No, I wasn’t abused by priest, says Vincent
SINGAPORE – Former opposition politician Vincent Wijeysingha has rejected the Catholic Church’s offer to investigate an episode he had mentioned in a Facebook post.
In fact, he says, he did not consider himself to have been abused by a priest when he was a teenager.
In response to a letter from the Church offering to pursue the case that he cited, Dr Wijeysingha said that he had “made no specific allegation of abuse against a priest”.
His latest post came after the Church invited him to make a complaint about the alleged incident that took place when he was 15 years old.
Dr Wijeysingha, 44, first made public the “sorry incident” in a Facebook post on June 23.
In it, he had referred to a priest “who would engage me in play wrestling and attempt to touch my crotch in the process”.
He also claimed that the priest took a stack of pornographic magazines from his wardrobe in his bedroom to show him.
However, in his latest post on the issue on Saturday, Dr Wijeysingha, Singapore’s first openly gay politician, said: “It was an attempt without any conclusion and therefore I consider myself neither to have been abused nor damaged subsequently.”
Referring to the incident as an alleged molestation attempt, the Church had suggested that Dr Wijeysingha either report to the police or to the Catholic Archdiocese Professional Standards Office (PSO).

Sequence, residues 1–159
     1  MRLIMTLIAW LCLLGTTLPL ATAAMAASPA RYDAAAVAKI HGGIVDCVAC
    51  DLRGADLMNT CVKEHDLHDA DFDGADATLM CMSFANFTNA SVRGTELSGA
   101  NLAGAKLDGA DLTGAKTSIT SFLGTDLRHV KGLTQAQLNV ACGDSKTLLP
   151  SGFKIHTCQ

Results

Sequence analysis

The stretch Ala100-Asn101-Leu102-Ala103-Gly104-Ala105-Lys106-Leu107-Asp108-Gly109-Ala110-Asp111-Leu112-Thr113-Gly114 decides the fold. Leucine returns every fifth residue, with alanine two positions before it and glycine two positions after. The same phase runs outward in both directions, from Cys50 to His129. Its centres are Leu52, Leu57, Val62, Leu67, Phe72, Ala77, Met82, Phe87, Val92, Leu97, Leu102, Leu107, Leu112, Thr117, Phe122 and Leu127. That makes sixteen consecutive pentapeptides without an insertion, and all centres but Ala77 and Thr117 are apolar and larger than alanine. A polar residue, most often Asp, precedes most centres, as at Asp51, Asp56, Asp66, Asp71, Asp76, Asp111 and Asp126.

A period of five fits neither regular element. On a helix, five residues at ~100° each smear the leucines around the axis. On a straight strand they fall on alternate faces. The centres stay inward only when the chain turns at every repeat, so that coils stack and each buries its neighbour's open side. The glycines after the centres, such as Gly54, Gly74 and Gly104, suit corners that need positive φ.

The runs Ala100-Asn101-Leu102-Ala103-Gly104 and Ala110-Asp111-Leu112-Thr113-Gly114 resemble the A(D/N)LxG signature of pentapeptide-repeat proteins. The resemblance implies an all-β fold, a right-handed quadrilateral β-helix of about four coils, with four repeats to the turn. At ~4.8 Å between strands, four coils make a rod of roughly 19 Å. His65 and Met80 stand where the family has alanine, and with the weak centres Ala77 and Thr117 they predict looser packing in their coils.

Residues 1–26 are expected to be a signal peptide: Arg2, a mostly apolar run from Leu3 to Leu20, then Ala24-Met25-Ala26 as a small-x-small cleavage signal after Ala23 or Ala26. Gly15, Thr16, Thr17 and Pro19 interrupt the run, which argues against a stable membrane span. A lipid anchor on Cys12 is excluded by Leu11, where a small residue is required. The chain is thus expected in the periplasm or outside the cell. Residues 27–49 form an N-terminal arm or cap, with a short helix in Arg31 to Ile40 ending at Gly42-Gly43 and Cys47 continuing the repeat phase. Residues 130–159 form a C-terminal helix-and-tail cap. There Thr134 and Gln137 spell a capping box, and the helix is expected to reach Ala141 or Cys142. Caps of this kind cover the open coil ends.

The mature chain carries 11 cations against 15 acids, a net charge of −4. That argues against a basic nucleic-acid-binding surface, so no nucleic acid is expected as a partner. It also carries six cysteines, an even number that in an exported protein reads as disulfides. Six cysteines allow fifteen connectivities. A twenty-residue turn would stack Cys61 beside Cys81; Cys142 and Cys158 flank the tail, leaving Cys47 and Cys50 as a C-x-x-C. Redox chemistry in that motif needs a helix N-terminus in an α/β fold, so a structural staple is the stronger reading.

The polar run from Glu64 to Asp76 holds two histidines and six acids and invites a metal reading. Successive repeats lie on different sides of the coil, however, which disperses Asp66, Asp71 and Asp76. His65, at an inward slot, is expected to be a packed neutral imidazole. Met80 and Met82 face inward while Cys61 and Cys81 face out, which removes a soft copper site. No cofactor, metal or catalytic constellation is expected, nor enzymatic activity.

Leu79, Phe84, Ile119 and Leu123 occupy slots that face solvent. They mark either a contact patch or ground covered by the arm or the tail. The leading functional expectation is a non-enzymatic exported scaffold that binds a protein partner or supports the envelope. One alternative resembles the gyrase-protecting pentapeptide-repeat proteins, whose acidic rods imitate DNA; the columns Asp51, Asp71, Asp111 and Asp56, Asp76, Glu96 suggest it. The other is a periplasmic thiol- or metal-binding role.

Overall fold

The PSO oversees procedures dealing with specific allegations of misconduct against clergy, employees and lay volunteers of the Church.
In its letter, the Church wrote: “Please be assured that in the PSO inquiry the determination of the truth will be the paramount objective, and the findings, even if adverse to the Church, will be disclosed.”
In response, Dr Wijeysingha criticised the Church for its stand on homosexuality, saying that “the Church’s attitude to homosexuals like myself has damaged me far more and continues to damage homosexual people”.
He added that until the Church is “willing to publicly acknowledge its responsibility for these problems it has created and undertake a sweeping reform of its teachings on sexuality”, he cannot see any good coming from engaging with it.
The first post from Dr Wijeysingha, who quit the Singapore Democratic Party last year, came two days after the Church stated its stand on the LGBT (lesbian, gay, bisexual and transgender) issue.
When contacted yesterday, he declined to elaborate.
Associate Professor Eugene Tan from Singapore Management University said Dr Wijeysingha’s allegations, and then his reluctance to follow up on them, make it difficult for people to take him seriously.
“For him now to effectively avoid the matter damages his standing and his credibility,” he said.
He added that Dr Wijeysingha should be well aware of the serious allegations he made against a respected institution, and that he owes the Church an apology.